A considerable amount of federally contracted IT systems must undergo proper evaluation and review to ensure compliance of the newly required safeguards as a result of the revised ruling. The classification of “Federal contract information” will require the majority of contractors and consultants to apply the following security controls:
Figure 1: Mapping of basic safeguarding requirements to NIST SP 800-171
|Basic safeguarding requirements||NIST SP 800-171 section(s)|
|1. Limit information system access to authorized users, processes acting on behalf of authorized users, or devices, including other information systems||Access Control, 3.1.1|
|2. Limit information system access to the types of transactions and functions that authorized users are permitted to execute||Access Control, 3.1.2|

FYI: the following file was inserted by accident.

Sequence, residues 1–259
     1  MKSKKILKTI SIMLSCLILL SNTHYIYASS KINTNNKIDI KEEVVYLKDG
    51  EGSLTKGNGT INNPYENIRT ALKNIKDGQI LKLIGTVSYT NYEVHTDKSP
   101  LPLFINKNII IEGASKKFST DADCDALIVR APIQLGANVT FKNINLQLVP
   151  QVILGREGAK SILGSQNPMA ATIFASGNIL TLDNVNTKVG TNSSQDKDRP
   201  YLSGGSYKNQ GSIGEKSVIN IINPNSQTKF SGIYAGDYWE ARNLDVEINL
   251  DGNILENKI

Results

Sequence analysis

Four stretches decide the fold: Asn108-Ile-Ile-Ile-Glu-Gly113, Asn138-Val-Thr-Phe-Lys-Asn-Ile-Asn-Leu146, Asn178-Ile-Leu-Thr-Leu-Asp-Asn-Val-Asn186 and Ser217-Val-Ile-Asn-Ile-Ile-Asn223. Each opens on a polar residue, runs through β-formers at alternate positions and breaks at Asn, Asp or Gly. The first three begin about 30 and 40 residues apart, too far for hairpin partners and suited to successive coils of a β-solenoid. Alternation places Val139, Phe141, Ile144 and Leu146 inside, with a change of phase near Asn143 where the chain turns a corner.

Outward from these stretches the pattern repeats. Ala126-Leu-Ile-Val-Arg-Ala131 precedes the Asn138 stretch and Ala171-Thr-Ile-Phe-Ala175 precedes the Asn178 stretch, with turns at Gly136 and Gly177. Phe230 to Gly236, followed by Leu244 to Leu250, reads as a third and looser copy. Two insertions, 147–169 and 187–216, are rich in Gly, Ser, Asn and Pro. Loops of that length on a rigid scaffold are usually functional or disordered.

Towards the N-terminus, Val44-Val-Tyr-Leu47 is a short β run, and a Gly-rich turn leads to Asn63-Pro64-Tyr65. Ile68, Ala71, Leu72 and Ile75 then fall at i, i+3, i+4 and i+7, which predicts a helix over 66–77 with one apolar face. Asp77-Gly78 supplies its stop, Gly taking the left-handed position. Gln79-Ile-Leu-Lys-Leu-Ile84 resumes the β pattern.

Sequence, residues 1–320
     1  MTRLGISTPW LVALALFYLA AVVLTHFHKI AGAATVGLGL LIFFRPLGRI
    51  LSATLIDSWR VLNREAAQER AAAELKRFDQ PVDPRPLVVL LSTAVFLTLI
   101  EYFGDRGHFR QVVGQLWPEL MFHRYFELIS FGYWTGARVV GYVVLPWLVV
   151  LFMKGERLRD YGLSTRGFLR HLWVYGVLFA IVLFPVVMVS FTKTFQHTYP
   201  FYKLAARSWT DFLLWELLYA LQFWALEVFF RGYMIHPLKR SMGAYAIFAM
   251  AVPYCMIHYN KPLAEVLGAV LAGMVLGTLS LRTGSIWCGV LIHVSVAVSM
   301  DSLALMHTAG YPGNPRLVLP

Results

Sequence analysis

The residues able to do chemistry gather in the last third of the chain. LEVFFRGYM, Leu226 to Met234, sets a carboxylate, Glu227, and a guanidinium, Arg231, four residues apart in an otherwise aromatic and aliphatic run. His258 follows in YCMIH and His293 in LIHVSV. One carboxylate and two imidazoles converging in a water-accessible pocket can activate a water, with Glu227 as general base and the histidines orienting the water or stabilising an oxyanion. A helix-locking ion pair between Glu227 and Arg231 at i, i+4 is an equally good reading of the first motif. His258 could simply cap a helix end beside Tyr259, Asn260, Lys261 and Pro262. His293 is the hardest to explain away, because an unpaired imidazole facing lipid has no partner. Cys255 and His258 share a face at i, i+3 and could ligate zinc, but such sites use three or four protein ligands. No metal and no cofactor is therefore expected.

|3. Verify and control/limit connections to and use of external information systems||Access Control, 3.1.20|
|4. Control information posted or processed on publicly accessible information systems||Access Control, 3.1.22|
|5. Identify information system users, processes acting on behalf of users, or devices||Identification and Authentication, 3.5.1|
|6. Authenticate (or verify) the identities of those users, processes, or devices, as a prerequisite to allowing access to organizational information systems||Identification and Authentication, 3.5.2|
|7. Sanitize or destroy information system media containing federal contract Information before disposal or release for reuse||Media Protection, 3.8.3|
|8. Limit physical access to organizational information systems, equipment, and the respective operating environments to authorized individuals||Physical Protection, 3.10.1|
|9. Escort visitors and monitor visitor activity; maintain audit logs of physical access; and control and manage physical access devices||Physical Protection, 3.10.3, 3.10.4, 3.10.5|
|10. Monitor, control, and protect organizational communications at the external boundaries and key internal boundaries of the information systems||System and Communications Protection, 3.13.1|